Trigger warning for discussion of sexual assault and rape
I have never considered myself a feminist, I’ve never held strong views nor have I disregarded those who do; however characters such as Dapper Laughs and the attitude he endorses are threatening to take my generation back to a position so many fought against.
I know many people, my friends included, argue that he is a character, no worse or more offensive than Keith Lemmon or Ali G, he is simply a comedian that ‘pushes the boundaries’, I’ll even admit that I enjoyed one or two of his earlier Vines, that is however, before the impact of his humour became apparent. After journalists Nathanial Tapley and Abi Wilkinson wrote articles speaking out against the comedian, they received a horde of misogynistic and abusive tweets from his fans, including anything from rape threats to just completely uneducated, generic school boy slander such as ‘why don’t you go back to your home on whore island.’.
I must say however that my personal favourite was ‘Ohh come on seriously what is with all this woman’s rights bullsh#it! Get over it’. I am astounded that anyone could manage to take his Vines, tweets or TV show as genuine advice and would act on it, but the fact of the matter is that people have, and that he personally has contributed to the new wave of ‘lad culture’ that is seemingly getting out of hand. You only have to visit a pub to witness guys standing at the bar, comparing photos of girls and describing exactly what they’d like to do to them; I don’t see it a coincidence that this has become increasingly acceptable around the same time Dapper Laughs reached ‘fame’?
Another topic that’s been raised and contested over social media is the issue of women being approached and harassed, or ‘catcalled’ on the street. Whilst on Facebook I saw a study Shoshana Roberts had conducted in Manhattan whereby a camera recorded her silently walking around for 10 hours. The footage captured over 100 incidents of harassment with comments varying from more the polite ‘hey beautiful’ and ‘have a lovely evening’ to ‘bless you mami, damn!’ with one male in particular deciding to walk beside Shoshana for 5 minutes, after she didn’t respond. After watching the video I saw a comment that one of my ‘friends’ had attached to the link, ‘Hardly harassment you mardy b****’.
Many of Dapper Laughs earlier Vines seem to support the ever growing idea that it a man’s god given right to approach women on the street and voice their evaluation of their appearance, so it hardly comes as a surprise that one of his fans is appalled at the idea of catcalling not being received as complete and absolute flattery. With characters such as Dapper Laughs teaching men not only to approach women on the street (offering anything from a comment about his penis to a comment on her breasts) but also explaining that ‘if she cries she’s just playing hard to get’ and that the best way to get a woman’s bra off is to hold a knife up and shout ‘turn around and lift up your f***ing shirt’, it is in no way surprising that women are feeling increasingly vulnerable on the street and can interpret a simple greeting as harassment.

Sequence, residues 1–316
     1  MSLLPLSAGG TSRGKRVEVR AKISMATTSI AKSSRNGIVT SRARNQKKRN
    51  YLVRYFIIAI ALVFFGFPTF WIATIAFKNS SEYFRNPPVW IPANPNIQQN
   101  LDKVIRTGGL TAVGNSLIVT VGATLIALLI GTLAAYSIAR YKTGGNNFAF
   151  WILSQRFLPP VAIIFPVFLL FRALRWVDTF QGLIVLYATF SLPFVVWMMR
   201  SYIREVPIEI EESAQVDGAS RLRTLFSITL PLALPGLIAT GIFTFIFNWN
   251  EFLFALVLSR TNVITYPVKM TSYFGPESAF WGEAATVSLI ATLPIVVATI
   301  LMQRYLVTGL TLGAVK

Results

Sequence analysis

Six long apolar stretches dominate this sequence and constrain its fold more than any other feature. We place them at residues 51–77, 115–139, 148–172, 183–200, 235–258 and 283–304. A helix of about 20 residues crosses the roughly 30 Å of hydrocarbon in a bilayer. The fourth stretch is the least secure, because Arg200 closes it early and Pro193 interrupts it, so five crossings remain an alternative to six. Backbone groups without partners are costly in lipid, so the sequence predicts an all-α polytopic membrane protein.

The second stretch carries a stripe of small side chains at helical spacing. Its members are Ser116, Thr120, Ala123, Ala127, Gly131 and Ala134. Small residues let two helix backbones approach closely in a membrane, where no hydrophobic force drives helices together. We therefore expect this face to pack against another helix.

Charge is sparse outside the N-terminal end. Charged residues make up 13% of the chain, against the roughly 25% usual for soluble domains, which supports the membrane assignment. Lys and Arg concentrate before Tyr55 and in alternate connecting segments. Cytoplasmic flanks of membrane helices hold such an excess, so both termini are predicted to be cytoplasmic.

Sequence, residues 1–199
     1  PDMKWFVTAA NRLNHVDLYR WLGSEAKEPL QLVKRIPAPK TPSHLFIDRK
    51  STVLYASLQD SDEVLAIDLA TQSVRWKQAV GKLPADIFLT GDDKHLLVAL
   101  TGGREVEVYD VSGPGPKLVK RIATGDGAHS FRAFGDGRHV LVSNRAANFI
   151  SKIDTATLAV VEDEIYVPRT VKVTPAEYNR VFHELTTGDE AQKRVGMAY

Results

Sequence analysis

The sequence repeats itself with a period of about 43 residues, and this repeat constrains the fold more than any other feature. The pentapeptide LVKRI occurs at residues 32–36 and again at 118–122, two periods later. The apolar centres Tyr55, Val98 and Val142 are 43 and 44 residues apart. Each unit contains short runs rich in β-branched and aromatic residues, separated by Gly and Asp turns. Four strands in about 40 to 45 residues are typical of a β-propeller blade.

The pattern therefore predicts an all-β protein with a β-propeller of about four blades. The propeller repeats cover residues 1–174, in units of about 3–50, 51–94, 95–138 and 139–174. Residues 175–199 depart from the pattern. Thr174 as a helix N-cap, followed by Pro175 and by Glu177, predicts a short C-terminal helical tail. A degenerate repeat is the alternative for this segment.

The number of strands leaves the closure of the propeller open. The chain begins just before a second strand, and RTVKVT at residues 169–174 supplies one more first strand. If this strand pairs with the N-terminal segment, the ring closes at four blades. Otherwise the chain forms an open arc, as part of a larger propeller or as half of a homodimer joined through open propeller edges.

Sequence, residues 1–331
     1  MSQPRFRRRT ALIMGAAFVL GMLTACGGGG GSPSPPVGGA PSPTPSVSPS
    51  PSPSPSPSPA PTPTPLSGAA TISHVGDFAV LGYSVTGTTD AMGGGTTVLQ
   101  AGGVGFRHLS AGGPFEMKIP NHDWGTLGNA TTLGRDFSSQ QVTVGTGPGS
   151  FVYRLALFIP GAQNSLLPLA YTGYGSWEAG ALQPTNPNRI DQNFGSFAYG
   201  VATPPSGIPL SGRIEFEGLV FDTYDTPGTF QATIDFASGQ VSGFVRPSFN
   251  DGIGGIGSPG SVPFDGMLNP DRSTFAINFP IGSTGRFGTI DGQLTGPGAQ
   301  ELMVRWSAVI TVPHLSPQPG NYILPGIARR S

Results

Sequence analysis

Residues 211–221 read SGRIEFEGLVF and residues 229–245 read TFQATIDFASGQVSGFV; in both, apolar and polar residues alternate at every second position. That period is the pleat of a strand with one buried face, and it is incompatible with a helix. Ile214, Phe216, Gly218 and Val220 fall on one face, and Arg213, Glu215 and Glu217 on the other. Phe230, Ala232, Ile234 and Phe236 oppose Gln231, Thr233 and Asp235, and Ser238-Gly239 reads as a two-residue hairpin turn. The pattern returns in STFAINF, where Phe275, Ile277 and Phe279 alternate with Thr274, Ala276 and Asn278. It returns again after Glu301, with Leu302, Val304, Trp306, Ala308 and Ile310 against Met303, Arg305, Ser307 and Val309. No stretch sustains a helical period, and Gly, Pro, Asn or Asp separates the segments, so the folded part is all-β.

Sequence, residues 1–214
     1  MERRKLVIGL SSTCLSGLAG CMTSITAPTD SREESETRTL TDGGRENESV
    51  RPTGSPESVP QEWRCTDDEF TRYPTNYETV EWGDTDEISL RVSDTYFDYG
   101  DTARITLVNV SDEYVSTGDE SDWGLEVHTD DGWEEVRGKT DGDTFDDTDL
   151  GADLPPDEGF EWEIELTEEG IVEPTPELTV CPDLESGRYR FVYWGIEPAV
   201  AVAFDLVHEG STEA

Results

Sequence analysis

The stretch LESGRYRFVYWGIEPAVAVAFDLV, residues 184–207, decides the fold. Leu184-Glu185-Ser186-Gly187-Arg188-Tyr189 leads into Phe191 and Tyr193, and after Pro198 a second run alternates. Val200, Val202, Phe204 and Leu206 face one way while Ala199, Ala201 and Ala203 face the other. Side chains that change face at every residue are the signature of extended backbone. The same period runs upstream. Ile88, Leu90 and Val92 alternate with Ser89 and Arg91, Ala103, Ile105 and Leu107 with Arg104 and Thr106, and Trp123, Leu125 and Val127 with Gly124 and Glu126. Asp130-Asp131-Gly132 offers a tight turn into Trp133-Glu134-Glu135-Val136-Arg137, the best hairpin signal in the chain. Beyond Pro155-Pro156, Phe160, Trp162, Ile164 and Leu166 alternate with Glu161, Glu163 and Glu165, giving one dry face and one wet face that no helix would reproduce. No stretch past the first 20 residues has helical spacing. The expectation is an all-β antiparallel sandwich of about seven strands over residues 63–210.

As much as I’m completely disgusted my the man, I’m still not too sure who’s really to blame for the Dapper Laughs effect. Is it O’Reilly himself? The things he says and actions he promotes are absolutely obscene and unforgivable, but would it have had the same impact if his cult following were a little less impressionable and able to decipher the difference between ‘banter’ and harassment? When I first viewed it I certainly didn’t think the things he was saying were genuine comments and suggestions, but that isn’t the case for everyone. Surely this then brings the blame back to O’Reiley for not considering the effect his humour may have, particularly considering his target audience.
One for sure is that his career is well and truly over; after a video of one of his live shows was released, showing him telling a girl she was ‘gagging for a rape’, ITV axed his show and his tour was pulled. Following this he featured on Newsnight where he claimed that Dapper Laughs was just an act and in no way represented his thoughts or opinions; this was then conflicted as Emily Maitlis quoted him saying that Dapper Laughs was ‘an extension of [himself], he allows [him] to do things [he] wouldn’t normally do.’. In my opinion he looked not only terrified but like a complete fool on Newsnight, he should have just stood up and accepted what he’d done instead of making excuses for things he’d done just days before; at least then he’d have managed to maintain a little dignity.